soul strikers

powerful moments in education

A not-so-brief, brief follow-up…

As I re-read my previous post, I realize I left out an important detail.  Last week, someone on Twitter posted this article- my eyes fell on the title and I couldn’t wait to read it.  What is discussed is a very intriguing topic to me, one that spurred my ideas around a school position that really does not exist everywhere.

Technology Experts in Schools: Teacher Leaders or Technicians?    By Patrick Ledesma

Being a technology technician in schools is a full-time job.   Leading teachers through integrating technology, arts-based practices (though this article only explores the former) is a full-time job.  It is also position that only seems available to larger schools, and is shared across the schools.

In order for teachers to focus on the instruction within their classrooms, focusing on the students’ needs at that moment, they need a go-to person for ongoing curriculum changes.  The Bureau of Labor statistics has interesting points about this need:

“Besides developing curriculum and instructional materials, many of these workers plan and provide onsite education for teachers and administrators. Instructional coordinators mentor new teachers and train experienced ones in the latest instructional methods.”

The Bureau also says that in 2008, there were 133,900 “Instructional Coordinators”, projected to grow by 23% to 165,000 by 2018.  I found the explanation of this projected growth extremely interesting:

“The number of instructional coordinators is expected to grow …much faster than the average for all occupations. These workers will be instrumental in developing new curricula to meet the demands of a changing society and in training teachers…Growing numbers of coordinators will be needed to incorporate the new standards into existing curricula and ensure that teachers and administrators are informed of changes.

Teachers are professionals and perfectly capable of doing this- there just isn’t time to stay on top of things and focus on the most important part of each day- planning for our current students.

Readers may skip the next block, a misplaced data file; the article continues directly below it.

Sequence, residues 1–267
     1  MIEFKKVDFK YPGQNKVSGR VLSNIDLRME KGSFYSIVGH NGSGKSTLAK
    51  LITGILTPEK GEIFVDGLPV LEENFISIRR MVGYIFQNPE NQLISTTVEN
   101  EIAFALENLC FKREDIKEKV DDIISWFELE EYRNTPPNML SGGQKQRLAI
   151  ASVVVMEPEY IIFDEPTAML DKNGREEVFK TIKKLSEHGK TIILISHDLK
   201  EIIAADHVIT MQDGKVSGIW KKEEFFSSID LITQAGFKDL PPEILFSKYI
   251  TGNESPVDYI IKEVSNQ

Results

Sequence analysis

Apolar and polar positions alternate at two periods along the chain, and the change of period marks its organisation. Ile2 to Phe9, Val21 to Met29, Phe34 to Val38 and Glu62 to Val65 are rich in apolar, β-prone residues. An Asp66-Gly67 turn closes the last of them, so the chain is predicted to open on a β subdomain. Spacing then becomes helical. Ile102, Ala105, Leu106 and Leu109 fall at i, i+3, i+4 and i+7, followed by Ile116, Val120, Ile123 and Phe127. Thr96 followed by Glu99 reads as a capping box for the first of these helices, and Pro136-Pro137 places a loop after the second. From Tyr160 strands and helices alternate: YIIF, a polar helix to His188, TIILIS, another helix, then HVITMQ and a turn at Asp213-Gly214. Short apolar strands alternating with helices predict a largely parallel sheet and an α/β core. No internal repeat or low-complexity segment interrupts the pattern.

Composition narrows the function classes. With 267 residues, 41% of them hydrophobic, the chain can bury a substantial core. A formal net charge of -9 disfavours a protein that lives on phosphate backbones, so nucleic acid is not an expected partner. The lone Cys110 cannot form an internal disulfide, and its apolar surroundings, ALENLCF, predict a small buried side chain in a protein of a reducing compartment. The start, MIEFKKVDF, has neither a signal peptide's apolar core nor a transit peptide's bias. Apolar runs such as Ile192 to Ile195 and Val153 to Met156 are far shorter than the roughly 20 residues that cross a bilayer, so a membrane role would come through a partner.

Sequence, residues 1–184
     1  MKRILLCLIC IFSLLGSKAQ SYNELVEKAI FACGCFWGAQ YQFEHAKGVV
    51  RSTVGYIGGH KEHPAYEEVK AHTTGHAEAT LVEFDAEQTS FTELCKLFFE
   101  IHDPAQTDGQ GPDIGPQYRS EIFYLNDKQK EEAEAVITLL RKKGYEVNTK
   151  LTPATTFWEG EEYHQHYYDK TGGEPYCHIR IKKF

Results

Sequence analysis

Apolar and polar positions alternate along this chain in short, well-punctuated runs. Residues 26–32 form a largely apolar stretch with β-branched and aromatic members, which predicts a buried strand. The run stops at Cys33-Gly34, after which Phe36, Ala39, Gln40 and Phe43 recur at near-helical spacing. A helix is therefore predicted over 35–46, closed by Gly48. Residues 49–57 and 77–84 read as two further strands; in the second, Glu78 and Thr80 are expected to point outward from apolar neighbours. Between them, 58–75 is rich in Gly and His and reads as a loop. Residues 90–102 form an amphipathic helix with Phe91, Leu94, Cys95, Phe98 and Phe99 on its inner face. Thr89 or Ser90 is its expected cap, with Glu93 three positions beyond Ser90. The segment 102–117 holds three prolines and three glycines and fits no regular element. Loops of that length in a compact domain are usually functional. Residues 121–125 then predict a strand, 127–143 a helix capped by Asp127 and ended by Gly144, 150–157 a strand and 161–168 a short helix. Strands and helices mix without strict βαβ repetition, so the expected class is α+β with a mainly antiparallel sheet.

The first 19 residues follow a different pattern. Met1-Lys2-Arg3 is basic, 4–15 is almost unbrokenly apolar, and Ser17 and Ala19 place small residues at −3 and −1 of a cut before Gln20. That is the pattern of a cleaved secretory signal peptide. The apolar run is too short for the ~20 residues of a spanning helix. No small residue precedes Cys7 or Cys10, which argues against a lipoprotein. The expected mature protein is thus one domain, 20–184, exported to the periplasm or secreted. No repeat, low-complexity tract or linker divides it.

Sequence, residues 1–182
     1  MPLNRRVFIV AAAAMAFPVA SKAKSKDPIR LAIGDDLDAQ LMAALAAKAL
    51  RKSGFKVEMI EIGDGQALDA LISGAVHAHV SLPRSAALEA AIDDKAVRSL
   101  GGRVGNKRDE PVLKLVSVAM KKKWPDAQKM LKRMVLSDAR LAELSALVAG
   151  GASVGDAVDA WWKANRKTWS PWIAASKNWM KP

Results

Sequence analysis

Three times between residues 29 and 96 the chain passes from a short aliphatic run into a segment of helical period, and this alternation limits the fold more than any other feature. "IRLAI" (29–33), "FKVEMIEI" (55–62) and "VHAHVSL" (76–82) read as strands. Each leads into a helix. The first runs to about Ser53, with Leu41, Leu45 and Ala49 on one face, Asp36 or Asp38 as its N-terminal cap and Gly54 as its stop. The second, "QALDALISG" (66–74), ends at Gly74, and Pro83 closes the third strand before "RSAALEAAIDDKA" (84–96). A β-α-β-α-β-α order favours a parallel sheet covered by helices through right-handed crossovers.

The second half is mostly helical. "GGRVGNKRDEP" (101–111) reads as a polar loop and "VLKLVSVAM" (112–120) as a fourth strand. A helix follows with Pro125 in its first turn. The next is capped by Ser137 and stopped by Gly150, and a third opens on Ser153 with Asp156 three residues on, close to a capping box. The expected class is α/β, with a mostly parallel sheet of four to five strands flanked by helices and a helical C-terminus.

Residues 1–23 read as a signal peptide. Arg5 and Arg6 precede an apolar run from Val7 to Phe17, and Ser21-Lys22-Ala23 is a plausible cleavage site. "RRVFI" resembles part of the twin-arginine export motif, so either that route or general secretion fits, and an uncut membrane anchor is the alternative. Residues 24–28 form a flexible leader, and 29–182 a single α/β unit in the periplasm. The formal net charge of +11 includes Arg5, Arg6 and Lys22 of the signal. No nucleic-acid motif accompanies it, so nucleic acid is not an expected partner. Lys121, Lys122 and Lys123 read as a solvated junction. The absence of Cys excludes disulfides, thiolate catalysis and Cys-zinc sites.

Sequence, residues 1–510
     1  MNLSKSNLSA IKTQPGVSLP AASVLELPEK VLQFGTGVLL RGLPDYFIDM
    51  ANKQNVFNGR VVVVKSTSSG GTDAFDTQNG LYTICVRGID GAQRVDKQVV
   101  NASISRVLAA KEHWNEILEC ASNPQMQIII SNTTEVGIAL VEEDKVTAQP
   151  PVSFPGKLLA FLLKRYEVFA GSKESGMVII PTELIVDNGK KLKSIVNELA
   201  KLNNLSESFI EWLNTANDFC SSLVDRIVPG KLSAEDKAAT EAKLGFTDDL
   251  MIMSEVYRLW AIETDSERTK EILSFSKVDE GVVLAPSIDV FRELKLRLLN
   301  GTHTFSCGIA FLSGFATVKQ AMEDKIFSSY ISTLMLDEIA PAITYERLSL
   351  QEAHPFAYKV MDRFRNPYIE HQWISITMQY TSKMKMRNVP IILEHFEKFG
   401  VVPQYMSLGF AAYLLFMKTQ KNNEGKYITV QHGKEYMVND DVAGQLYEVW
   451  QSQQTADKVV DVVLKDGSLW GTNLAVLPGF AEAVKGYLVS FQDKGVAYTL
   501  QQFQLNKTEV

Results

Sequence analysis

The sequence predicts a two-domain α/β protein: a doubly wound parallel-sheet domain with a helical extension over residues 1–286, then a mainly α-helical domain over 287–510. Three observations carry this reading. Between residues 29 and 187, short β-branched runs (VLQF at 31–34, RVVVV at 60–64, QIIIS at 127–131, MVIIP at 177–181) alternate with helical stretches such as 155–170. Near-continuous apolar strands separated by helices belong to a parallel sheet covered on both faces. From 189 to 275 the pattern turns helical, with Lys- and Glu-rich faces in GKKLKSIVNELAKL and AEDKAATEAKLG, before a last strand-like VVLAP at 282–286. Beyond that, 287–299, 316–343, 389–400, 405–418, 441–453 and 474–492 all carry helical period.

Actually- there IS time.  But anything beyond 8-3? Our society does not acknowledge the time and training needed, yet still expects everyone to remain current and informed.



4 comments on “A not-so-brief, brief follow-up…

  1. Jack Haubach
    November 18, 2011


    One other thing popped into my head as I re-read this post. Don’t teachers in NH systems have CE requirements? I know we did in PA. My recollection of these offered by outside (well paid) providers is that they were seldom specific enough or lacked the followup necessary to integrate the ideas into practice. These courses were sometimes offered away from our locations which removed us from a precious day or more in the classroom.



    • soul strikers
      November 19, 2011

      Maybe- I am not sure what CE is? Perhaps it is called something different in NH?


  2. Rachel Small (@rvsmall)
    November 11, 2011

    I totally agree with you, on so many levels. I’m mostly pondering, how are we to balance our professional and personal time? There’s so much we need to do in our classroom so in order to learn and grow as professionals, we need to spend our own time. I find that when I’m passionate about what I’m learning, I’m okay with spending my own time; however, it would be nice if that time was acknowledged across the board.


    • soul strikers
      November 11, 2011

      Yes. The balance is tough when you are so passionate, because when the passion is enjoyable, it’s hard to shut off!

      Sent from my iPad


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This entry was posted on November 5, 2011 by in education, PD Power, Teacher, Teacher!.

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